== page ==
Markus Gleichmann – Europe in civil dialogue

Markus Gleichmann is the European and energy policy spokesman for the Left Party in the Thuringian state parliament.

Village life politicized Markus Gleichmann. At 14, he and his parents moved from Jena to the rural town of Eichenberg near Kahle, about 20 kilometers south. Poor mobility, fears for the future, social tensions, conflicts between left and right – there was plenty of material for debate in the rural area. In the small town, Gleichmann quickly came into contact with active local politicians in the town and district, so his first voluntary steps into politics were not far away – he was just 21 years old at the time. Gleichmann later found his political home with the Left Party.

Today, the 37-year-old is a member of the Thuringian state parliament and spokesman for European and energy policy. In this role, he tries to build a political bridge between the state and Brussels. He says that this works particularly well when it comes to the issue close to his heart: sustainability. “It should be clear to everyone that we can’t manage the sustainable transformation in Thuringia alone,” says Gleichmann. And there is “an infinite amount” happening in Brussels right now.

Birthplace of the Bauhaus and location for automotive suppliers

Thuringia is the birthplace of the Bauhaus style and plays an important role as a supplier to the automotive industry. These competencies and interests can also make a significant contribution to the transformation debate in Brussels. “I want to convey the opportunities of European politics to the people of Thuringia and be their voice in Brussels,” says Gleichmann.

He acknowledges that it is not always easy. “We have to constantly emphasize that the EU is more than feed regulations and cucumber curvature standards,” he says. “It also involves peacekeeping and issues that are too big for our country.” Gleichmann attends as many citizen dialogue events in the region as he can, spreading this message. For the Conference on the Future of Europe, representatives from various countries collected specific wishes and proposed changes for the EU, compiling them into a final report. “There are great opportunities in there,” says Gleichmann.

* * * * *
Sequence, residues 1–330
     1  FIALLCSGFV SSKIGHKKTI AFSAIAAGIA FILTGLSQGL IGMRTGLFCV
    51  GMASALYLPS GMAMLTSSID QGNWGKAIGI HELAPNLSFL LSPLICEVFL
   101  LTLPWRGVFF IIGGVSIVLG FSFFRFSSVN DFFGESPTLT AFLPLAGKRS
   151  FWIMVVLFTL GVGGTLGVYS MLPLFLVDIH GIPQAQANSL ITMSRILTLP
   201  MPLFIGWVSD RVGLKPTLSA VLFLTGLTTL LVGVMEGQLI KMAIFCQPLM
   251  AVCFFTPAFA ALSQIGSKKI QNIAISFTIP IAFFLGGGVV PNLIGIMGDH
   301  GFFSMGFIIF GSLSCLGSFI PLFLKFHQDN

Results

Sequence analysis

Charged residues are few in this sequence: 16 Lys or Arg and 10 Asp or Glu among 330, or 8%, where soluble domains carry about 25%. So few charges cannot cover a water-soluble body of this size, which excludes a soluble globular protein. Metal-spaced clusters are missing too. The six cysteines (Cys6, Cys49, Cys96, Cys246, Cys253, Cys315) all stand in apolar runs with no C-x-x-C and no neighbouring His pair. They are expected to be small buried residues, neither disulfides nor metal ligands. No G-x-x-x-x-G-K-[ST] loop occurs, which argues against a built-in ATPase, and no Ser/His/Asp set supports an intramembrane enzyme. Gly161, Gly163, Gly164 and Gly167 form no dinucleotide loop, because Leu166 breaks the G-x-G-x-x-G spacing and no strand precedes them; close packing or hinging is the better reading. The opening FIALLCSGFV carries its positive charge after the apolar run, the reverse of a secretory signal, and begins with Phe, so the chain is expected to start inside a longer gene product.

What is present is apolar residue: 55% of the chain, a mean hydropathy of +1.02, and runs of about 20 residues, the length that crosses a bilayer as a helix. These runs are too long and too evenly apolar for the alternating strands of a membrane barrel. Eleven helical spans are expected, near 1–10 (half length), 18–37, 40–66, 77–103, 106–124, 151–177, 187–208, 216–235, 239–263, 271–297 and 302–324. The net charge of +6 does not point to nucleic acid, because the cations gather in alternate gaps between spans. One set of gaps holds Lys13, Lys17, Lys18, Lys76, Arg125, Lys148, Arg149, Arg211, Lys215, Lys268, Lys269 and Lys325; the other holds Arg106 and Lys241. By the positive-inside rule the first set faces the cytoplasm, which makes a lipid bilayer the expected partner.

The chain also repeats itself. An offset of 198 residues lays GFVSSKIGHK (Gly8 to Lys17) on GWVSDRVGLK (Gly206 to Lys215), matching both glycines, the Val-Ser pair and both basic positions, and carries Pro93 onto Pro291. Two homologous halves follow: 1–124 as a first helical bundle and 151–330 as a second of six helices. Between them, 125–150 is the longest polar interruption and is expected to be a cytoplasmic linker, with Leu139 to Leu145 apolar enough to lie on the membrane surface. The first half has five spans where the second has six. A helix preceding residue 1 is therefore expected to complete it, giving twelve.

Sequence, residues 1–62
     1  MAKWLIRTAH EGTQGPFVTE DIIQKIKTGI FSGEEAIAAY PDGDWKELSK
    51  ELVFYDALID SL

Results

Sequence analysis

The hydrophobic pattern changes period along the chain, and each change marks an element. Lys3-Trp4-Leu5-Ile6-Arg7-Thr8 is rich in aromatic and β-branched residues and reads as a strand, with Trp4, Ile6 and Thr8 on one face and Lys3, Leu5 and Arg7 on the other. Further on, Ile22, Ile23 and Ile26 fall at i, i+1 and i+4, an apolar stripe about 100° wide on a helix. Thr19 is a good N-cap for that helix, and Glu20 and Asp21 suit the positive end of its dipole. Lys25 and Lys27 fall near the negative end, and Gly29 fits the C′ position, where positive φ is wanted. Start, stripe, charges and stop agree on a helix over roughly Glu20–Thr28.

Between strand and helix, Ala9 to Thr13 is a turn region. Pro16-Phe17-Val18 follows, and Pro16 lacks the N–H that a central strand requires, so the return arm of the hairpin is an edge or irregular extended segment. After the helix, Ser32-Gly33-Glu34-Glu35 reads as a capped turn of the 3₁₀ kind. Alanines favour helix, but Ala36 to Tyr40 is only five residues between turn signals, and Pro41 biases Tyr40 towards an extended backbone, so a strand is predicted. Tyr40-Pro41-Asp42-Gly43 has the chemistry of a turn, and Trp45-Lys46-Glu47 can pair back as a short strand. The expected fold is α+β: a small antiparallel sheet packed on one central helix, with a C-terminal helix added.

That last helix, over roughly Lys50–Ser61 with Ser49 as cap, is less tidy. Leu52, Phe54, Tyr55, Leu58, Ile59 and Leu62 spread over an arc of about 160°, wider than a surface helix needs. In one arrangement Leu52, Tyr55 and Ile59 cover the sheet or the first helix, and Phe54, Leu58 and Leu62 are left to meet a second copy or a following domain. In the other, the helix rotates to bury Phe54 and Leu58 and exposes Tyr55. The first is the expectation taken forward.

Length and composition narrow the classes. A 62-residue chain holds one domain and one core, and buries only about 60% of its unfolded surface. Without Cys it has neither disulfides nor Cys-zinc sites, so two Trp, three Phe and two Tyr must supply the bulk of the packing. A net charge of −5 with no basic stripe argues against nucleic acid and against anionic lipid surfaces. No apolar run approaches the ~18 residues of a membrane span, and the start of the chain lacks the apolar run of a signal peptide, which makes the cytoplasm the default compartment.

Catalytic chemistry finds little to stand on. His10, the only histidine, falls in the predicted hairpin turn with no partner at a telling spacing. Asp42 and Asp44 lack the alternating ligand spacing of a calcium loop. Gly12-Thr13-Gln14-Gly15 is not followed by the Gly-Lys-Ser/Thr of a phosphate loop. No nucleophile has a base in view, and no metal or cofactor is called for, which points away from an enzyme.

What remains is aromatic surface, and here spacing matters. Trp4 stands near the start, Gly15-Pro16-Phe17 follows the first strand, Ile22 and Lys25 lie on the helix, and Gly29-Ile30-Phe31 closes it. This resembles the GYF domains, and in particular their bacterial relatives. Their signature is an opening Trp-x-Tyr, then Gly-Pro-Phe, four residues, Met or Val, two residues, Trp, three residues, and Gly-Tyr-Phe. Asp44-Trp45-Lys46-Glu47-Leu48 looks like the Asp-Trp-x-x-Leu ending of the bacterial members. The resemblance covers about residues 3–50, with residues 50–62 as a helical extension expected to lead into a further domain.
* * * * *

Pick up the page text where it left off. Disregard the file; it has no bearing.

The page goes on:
Books about Nazi history

His hobby can also be political. In his spare time, Gleichmann enjoys researching history. He has written two books about the Nazi era in his home region. The first, entitled “Düsenjäger über dem Walpersberg,” was published in 2009. It is about a former underground aircraft factory in Kahla, where the National Socialists had fighter jets built by some 13,000 forced laborers. Two years later, he published the book “Geheimnisvolles Thüringen – Militärobjekte des Dritten Reiches” (Mysterious Thuringia – Military Objects of the Third Reich), in which he also dealt with the underground armaments factories in the region.

Coming to terms with Nazi history is necessary and important,” Gleichmann says. Recently, he was deep in the old camp tunnels of a subcamp of the Buchenwald concentration camp. During the Nazi era, Jewish prisoners of the concentration camp were sent down there for forced labor. Research for a new project of his. “It took many discussions before we were allowed in there. But that’s where I was persistent, and that’s how I was able to connect key players.” When Gleichmann wants to switch off from all the heavy topics? “Then I go mountain climbing and am out in nature.” Pascal Mühle


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